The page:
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Confronting the Digital Divide in Virtual Courts

Many courts have expanded the use of video conferencing in hearings and online services such as E-Filing in response to the current lockdown. However, such use of technology to enable the delivery of justice should not end with the end of the lockdown. Further expansion of digital services can help increase access to justice in India, and help the judiciary reduce delays and backlog. This will be crucial when courts re-open in the post-lockdown period whensocial distancing norms may still continue. The justice system must therefore build on the technological advances made during this period.

However, migrating entirely to natively digital processes can alienate large proportions of Indian society due to the significant digital divide in India. Data shows that while access to the internet has grown rapidly in recent years, is still not available to all Indian citizens. To provide all citizens with effective access to justice, courts must make provisions to overcome the digital divide. This divide could be because of:

  • Lack of access (especially private access) to smartphones or any other means of accessing the internet;
  • Lack of digital literacy;
  • Language barriers because citizens often cannot speak, or are not literate in, the official languages of the state they live in;
  • Physical disabilities; or
  • Poor network coverage.

There are several possible solutions to address these issues, but given that many of them are often present in the same context, solutions will have to be context-specific. It is important to emphasise that the undergoing digitisation of the Indian justice system must address the needs of all citizens, irrespective of their access to personal digital devices, or familiarity with them. The obvious solution of expanding the traditional physical component of the judiciary by investing in more personnel and infrastructure is still necessary. However, employing the following approaches can ensure that the digital divide does not leave people behind.


Digital processes themselves should be designed to not exclude those who are not familiar with computers or the internet. These processes should as far as possible, to be easy to use, with step-by-step instructions for all users. Great care must be taken in interface design to ensure that all symbols and visual aids used are well-understood across varied cultural and linguistic contexts in India. Following stringent accessibility standards would ensure that people with physical challenges can use virtual courts.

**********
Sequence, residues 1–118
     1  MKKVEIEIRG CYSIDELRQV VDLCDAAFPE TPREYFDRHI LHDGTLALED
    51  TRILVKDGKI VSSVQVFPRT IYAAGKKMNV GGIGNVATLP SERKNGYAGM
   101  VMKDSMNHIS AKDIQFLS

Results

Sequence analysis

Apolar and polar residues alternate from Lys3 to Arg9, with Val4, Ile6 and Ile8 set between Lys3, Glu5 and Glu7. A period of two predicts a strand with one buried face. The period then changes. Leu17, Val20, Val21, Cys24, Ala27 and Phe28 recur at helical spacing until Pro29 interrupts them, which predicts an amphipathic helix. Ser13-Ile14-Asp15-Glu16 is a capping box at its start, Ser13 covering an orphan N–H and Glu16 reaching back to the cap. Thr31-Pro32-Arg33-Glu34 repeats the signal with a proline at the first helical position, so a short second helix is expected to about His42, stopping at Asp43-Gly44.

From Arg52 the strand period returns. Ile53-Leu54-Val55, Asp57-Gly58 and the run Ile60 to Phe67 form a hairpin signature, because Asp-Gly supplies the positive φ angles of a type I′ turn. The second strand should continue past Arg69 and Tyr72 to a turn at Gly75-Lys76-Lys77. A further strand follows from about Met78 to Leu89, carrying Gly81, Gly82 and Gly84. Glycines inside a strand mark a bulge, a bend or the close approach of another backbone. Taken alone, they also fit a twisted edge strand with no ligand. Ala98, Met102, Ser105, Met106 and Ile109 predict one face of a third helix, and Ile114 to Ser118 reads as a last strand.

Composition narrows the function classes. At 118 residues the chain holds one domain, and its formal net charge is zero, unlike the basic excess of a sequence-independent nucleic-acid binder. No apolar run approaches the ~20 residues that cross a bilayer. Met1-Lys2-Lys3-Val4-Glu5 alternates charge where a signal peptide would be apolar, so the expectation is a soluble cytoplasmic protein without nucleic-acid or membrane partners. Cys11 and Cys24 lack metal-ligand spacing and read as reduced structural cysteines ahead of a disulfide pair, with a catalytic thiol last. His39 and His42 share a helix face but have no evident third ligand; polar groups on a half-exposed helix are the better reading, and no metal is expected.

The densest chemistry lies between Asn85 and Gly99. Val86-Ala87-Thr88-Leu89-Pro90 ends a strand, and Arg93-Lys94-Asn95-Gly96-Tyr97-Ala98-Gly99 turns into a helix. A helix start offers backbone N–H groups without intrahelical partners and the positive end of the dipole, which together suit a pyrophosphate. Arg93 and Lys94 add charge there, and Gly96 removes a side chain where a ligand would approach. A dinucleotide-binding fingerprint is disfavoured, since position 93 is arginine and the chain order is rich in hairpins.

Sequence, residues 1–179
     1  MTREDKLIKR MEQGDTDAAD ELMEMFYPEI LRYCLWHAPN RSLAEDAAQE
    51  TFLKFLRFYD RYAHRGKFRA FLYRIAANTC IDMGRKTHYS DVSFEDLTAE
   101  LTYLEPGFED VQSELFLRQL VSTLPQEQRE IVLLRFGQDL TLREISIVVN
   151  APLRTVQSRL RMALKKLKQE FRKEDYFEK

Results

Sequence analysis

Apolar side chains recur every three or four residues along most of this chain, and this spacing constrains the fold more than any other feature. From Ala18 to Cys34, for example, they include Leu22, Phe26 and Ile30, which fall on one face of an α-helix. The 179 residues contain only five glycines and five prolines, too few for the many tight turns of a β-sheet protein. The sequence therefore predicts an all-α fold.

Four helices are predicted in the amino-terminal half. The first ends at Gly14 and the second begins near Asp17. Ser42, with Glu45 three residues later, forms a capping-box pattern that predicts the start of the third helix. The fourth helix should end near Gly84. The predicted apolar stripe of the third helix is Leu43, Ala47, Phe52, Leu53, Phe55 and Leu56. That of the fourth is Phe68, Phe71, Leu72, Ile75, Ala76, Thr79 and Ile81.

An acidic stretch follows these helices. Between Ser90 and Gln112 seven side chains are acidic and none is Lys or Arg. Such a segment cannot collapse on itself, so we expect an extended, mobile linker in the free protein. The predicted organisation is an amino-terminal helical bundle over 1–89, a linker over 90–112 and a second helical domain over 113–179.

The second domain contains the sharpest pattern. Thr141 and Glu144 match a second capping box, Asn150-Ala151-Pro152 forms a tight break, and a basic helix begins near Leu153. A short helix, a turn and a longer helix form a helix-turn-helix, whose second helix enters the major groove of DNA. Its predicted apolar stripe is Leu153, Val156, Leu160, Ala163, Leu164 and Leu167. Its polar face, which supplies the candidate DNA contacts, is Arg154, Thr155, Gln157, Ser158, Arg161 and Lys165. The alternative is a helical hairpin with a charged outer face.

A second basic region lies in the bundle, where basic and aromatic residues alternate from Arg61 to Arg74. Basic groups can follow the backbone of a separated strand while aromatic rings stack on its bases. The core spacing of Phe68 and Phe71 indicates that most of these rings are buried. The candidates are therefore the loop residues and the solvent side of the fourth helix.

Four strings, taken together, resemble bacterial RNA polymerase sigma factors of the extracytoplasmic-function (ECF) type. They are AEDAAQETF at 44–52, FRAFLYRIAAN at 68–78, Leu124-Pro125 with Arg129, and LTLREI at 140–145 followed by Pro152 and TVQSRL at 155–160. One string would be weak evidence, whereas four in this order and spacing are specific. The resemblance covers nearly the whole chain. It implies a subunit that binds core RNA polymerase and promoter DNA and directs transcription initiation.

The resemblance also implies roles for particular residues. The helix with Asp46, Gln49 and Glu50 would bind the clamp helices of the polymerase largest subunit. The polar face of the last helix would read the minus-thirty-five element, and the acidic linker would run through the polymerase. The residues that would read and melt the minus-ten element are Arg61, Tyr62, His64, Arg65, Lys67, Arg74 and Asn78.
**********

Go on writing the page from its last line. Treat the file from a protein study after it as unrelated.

The language barrier can be overcome with interpreters, who would need to be familiar with the official languages of the jurisdictions they serve, as well as English. Such interpreters can be used across video conferencing, making it easier for courts to employ interpreters who can assist citizens across many jurisdictions.

Phone assistance

Gaps in digital literacy can be addressed by providing assistance via phone. Trained professionals can guide users through processes over phone calls. Similar services are offered as part of the UK’s ‘Assisted Digital’ service, which supplements the provision of digital services by the UK government, including their courts and tribunals.

To ensure that these approaches succeed, the judiciary must also incorporate feedback and public opinion, as well as the feedback of important and frequent users such as non-judicial court staff and lawyers, into the improvement of digital services. It is essential that digital services serve citizens’ needs to the greatest extent possible, and that they are re-designed, refined, or replaced as and when it is necessary to do so.

To read more about the Justice Platform visit: https://www.dakshindia.org/next-generation-justice-platform/

The views expressed in this article are solely those of the author’s and they do not represent the views of DAKSH.


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